There's no doubt that this year has thrown us many curveballs. With the amount of stress everyone may be going through, it's important to take a step back and remember something as simple as petting a dog can make all the difference.
According to an article shared by the University of New Mexico’s human resources department, “Stroking, hugging or otherwise touching a loving animal can rapidly calm and soothe us when we’re stressed or anxious.”
The article gives many examples of how trained dogs can help people have a healthy lifestyle. They provide companionship and stress relief while adding structure and routine to the day, which are things that many students could use while living in a dorm during a pandemic.
Halfway through the fall semester, four medical students living in the Redondo Village Apartments decided to adopt a dog. After visiting the Eastside Animal Shelter, they brought home a 12-year-old English bulldog named Bones.
Sophomore Sameen Jawadi, co-owner of Bones, said they specifically wanted to get an older dog so that they could make sure the last few years of its life are happy.
“He’ll play basketball with us and literally hit the ball with his nose and play with us,” co-owner Aly Aragon said. “He has a lot of energy, so we’ll take him out a lot, and then he’ll come back and snooze for a couple hours while we study.”
Aragon said all four roommates plan on living together for the foreseeable future, and even planned out where they see themselves in the next five years to ensure that they could responsibly care for Bones.
“If you have the time and responsibility to take care of a pet, I would recommend it because I think emotionally it's just something that mentally helps students,” Jawadi said. “Especially now because we are basically quarantining almost every day and we’re just studying all day, so it’s a nice thing to look forward to.”
Sophomore Peter Cabrera, who lives in Santa Clara Hall, doesn’t have a dog in his dorm but said he tries to walk his friend's Australian cattle dog Sasha whenever he has time.
“She definitely lowers stress,” Cabrera said. “Just being around her and petting her automatically puts you in a better mood. She’s full of love, man.”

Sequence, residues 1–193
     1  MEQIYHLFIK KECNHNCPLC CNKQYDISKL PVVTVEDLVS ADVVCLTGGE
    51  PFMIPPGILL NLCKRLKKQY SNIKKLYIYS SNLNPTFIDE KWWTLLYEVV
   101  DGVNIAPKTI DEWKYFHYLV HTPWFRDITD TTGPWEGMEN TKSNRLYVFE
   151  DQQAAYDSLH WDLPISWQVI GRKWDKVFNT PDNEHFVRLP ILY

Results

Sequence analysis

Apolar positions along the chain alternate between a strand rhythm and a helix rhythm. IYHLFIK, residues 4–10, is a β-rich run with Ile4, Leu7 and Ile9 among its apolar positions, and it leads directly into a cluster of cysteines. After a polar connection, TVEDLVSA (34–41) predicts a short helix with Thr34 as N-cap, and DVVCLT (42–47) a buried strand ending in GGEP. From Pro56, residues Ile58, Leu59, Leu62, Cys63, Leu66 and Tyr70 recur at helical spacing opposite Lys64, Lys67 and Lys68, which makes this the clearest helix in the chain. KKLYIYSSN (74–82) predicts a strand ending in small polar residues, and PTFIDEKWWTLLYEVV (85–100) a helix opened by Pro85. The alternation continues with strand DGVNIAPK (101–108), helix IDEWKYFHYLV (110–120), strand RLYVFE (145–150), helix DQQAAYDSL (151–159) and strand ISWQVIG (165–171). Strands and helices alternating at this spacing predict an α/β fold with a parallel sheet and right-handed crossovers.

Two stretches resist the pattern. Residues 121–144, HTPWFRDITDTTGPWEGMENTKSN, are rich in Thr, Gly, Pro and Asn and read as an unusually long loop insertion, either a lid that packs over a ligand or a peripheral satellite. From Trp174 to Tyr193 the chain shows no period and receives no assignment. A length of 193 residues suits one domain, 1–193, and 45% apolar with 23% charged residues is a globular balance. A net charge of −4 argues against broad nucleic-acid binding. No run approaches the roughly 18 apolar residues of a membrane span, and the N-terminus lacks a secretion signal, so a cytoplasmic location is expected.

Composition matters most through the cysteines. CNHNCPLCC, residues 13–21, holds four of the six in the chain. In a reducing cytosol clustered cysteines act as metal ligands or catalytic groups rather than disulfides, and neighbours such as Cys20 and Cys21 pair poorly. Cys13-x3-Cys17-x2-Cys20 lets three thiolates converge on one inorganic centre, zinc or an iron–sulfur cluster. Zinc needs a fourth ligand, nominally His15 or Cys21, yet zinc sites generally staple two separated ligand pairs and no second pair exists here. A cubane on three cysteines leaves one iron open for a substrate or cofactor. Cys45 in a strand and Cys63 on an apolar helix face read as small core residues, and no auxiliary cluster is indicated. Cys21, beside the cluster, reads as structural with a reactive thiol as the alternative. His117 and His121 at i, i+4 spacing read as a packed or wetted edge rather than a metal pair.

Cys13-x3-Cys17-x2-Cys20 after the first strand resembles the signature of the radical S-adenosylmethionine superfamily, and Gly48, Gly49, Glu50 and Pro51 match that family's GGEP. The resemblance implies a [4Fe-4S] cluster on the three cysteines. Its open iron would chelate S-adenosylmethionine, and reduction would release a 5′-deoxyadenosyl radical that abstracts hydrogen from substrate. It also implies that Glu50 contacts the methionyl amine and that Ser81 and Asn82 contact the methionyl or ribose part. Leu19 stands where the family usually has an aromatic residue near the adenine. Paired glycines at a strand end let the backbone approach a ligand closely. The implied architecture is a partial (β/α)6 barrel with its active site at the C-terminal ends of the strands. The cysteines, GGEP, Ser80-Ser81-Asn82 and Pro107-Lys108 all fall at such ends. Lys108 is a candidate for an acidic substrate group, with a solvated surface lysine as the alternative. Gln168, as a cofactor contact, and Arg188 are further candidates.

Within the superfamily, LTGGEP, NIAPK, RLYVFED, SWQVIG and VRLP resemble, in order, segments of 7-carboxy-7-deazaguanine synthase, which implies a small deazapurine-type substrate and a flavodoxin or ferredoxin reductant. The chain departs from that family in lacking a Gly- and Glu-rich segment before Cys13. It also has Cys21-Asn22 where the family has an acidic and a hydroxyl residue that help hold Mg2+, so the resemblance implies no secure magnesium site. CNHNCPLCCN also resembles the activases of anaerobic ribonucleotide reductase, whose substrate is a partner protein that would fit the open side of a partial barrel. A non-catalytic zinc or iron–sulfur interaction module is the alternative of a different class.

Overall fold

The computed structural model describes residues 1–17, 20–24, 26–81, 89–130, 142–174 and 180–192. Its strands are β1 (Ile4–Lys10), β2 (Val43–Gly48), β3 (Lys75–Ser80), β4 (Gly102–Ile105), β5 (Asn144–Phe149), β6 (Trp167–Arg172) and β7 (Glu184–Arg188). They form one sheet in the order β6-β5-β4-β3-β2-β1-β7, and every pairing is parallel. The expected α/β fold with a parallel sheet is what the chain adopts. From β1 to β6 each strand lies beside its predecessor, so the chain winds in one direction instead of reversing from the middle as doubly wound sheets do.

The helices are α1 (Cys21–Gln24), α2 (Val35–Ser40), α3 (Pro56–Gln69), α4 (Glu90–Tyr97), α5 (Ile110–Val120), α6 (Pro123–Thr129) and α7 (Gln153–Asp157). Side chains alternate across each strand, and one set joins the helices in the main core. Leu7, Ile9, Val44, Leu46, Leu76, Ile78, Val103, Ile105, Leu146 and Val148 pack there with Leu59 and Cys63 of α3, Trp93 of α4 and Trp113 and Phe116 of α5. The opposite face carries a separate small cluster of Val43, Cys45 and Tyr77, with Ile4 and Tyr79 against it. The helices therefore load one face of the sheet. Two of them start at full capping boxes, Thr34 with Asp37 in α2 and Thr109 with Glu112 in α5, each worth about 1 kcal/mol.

According to UNM Residence Life and Student Housing, approved emotional support animals (ESA) or service dogs are allowed to live in any of the on-campus housing.
The only places that allow non-ESA pets on campus are Santa Clara and the Student Residence Center apartments, although they require adherence to certain rules and conditions.
“I think it should be more of an option for students to have a pet, especially because college is so much harder than high school,” Aragon said. “We’re lucky because we live in an apartment together, but all the dorm halls are single rooms so all these people are completely alone. Having a pet would definitely make that a lot more enjoyable.”
There is a difference between a service dog who has been trained and certified according to the Americans with Disabilities Act requirements and an emotional support animal that is trained to behave and provide happiness and comfort to others, as defined by UNM Policy 2295.
According to a message from the director at Student Health and Counseling (SHAC), “It is understandable to want an adorable, fluffy, warm and cuddly creature who is always thrilled to have us around. There is even some research evidence that petting dogs can decrease nervous system arousal, increase serotonin, epinephrine and oxytocin (all feel-good neurochemicals). But we at SHAC do not prescribe ESAs, and we will not issue letters stating that a student needs one.”
SHAC limits the access in the building to only service animals out of respect to people with allergies or trauma related to dogs.
Sherry Mangold, a member of the board of directors for SCCV, and her many different therapy dogs have been bringing joy to people’s lives for over 20 years. Not only do the SCCV dogs visit students on campus, but they also visit a wide variety of places including hospitals, elementary schools, nursing homes and detention centers.
Mangold said she has seen countless examples of the positive impact these dogs have on people.
“It’s because they are non-judgemental,” Mangold said. “It is a scientific fact that the presence and handling of them, if it’s a behaving dog, not a vicious dog, they lower blood pressure, they decrease anxiety and they give people who feel alone or lost a structure to the day.”
While therapy dogs haven’t been able to visit hospitals or schools since the pandemic began, SCCV has been trying to find alternative ways to help cheer people up. Volunteers have arranged window visits where dogs greet patients from the outside of their building, as well as scheduled Zoom calls for elementary students to read to the dogs.
Mangold added that it’s unfortunate that SCCV can’t visit campus this year but would be willing to do a virtual meet where students can see the dogs on Zoom if the University wanted to arrange it.
Daniel Ward is a senior reporter at the Daily Lobo. He can be contacted at firstname.lastname@example.org or on Twitter @wordsofward34